With Cuomo’s disgraced resignation after his numerous scandals were finally uncovered, many hoped Hochul would be different. Sadly, this is not the case. She originally named Brian Benjamin, a member of the New York State Senate, as her successor as Lieutenant Governor, who was indicted on corruption charges not more than six months later. She had also previously named a conservative-leaning judge earlier that year to the Court of Appeals. Bogged down by the corrupt appointments, the state party apparatus lost races in New York City and then nearly lost statewide races in deep blue New York. This likely cost the national party control of the United States House of Representatives through losses of five seats Democrats won at the presidential level in 2020.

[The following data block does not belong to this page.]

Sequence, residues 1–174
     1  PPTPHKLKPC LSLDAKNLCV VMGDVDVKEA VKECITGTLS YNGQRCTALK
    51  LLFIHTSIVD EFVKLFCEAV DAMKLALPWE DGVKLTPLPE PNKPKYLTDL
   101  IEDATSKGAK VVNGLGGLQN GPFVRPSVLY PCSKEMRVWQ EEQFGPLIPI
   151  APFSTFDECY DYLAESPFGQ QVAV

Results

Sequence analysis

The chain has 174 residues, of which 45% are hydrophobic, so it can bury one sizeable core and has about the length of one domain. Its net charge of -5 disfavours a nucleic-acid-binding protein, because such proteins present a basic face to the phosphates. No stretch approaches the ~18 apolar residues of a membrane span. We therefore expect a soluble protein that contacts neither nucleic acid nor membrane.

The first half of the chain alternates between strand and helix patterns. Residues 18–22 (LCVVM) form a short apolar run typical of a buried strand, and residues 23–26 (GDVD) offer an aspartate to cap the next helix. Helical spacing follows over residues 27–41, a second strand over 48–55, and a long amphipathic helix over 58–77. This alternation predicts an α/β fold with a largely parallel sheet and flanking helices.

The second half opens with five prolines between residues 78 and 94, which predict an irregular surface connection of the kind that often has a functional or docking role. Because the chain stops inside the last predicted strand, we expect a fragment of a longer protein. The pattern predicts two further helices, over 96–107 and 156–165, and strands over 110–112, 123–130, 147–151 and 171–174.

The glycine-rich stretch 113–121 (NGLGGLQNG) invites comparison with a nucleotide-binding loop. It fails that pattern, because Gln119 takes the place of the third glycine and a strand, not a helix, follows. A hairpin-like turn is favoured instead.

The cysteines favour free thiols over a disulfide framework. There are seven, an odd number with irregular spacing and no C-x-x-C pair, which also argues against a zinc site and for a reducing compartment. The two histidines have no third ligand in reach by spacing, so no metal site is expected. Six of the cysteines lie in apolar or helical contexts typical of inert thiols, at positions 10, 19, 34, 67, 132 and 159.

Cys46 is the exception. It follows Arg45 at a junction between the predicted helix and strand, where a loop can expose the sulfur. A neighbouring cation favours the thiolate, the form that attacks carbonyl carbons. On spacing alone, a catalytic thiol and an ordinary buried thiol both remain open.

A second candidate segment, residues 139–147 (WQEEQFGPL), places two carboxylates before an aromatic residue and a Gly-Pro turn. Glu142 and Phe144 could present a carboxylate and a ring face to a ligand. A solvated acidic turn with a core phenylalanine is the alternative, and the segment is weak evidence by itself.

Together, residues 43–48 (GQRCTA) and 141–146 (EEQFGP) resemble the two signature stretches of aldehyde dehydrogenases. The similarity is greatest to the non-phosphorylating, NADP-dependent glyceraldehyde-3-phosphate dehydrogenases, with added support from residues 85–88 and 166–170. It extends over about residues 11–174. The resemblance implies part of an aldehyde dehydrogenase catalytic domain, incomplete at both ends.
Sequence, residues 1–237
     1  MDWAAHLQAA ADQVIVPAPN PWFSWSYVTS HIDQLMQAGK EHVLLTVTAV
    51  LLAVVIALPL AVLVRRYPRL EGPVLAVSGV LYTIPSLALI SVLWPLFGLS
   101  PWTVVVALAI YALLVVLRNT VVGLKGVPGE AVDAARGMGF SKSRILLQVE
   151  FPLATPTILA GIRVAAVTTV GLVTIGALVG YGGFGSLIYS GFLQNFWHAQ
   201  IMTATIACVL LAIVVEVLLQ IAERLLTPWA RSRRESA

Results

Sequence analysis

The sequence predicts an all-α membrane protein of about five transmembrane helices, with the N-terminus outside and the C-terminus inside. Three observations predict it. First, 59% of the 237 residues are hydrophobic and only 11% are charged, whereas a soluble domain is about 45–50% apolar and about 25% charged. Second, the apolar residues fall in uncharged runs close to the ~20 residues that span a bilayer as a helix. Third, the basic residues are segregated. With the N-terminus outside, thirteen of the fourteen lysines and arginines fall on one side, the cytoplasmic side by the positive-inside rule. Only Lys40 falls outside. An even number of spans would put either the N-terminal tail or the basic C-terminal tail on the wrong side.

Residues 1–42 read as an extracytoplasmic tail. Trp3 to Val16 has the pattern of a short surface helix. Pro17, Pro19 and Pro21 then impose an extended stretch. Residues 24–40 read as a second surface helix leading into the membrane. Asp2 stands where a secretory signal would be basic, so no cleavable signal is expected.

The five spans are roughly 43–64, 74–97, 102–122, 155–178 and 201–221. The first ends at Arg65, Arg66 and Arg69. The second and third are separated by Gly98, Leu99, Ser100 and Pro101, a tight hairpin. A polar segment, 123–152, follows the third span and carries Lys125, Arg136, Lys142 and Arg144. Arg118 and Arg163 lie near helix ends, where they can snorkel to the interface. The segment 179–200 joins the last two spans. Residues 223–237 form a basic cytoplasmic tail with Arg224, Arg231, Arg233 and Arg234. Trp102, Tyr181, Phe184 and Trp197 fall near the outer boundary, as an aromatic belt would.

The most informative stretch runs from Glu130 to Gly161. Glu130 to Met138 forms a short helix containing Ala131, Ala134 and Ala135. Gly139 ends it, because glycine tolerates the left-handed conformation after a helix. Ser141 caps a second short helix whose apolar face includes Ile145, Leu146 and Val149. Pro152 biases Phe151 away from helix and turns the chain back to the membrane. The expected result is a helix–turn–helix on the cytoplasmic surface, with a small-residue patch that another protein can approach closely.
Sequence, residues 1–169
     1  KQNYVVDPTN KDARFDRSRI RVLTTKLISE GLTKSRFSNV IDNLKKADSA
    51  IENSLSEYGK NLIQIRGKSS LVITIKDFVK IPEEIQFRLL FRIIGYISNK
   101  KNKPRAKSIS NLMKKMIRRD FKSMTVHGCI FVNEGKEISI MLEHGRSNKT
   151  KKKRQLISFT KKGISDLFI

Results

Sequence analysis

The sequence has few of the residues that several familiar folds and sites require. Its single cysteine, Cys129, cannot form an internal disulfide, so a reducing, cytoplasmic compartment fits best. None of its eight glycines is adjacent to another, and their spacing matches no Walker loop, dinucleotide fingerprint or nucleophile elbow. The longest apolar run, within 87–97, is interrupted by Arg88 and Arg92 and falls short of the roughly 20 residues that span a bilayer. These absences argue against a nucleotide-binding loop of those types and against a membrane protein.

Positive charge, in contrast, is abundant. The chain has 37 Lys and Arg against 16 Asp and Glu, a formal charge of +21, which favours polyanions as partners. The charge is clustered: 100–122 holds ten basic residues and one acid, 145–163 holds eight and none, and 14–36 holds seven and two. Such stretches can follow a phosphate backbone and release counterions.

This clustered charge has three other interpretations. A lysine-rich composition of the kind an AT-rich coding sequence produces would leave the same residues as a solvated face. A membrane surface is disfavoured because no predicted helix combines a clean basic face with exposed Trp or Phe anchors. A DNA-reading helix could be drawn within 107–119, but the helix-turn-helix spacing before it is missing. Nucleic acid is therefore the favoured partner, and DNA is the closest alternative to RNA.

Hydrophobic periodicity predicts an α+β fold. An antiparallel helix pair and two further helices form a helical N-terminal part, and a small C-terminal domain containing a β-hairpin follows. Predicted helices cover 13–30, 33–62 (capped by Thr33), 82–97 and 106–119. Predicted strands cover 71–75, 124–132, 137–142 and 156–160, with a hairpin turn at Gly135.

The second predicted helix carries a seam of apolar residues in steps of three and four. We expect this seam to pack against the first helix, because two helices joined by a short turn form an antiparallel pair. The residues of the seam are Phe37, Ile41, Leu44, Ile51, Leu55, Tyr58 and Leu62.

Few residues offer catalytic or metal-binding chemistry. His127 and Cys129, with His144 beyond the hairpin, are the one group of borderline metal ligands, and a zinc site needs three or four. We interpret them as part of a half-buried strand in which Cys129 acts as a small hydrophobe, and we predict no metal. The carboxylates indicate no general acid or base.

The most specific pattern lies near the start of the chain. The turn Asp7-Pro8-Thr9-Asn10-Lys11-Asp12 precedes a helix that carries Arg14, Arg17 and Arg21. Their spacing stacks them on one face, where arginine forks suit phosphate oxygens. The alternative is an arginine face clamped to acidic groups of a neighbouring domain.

The origin of these political machines dates back to Tammany Hall. Tammany Hall dominated New York politics throughout the 19th century and the first half of the 20th century. The political machine pandered to Italian and Irish Catholic immigrants to win their votes, eventually installing them into positions of power. The taint of this corruption led to the election of many “Rockefeller Republicans” who were liberals on social policy and moderates on fiscal policy. Their main objective was to clean up the corruption of the machines by ensuring “good governance.” They acted as a check on Democratic corruption, and only policies that weren’t a reflection of the corruption would be passed. This is also how the New York State Senate came to be controlled by Republicans for many years before 2019. The Rockefeller Republicans soon died out as they eventually became the embodiment of “Republicans In Name Only,” with the national Republican Party and state Republican party now run by full-throated conservatives. Still, modern-day iterations of Tammany Hall corruption live on in the many county machines that make up the state machine. Counties have local party bosses that choose their nominees, which in many cases, is tantamount to an election, though they are not necessarily invincible. These bosses have been known to take bribes for nominations, resulting in several indictments of party bosses.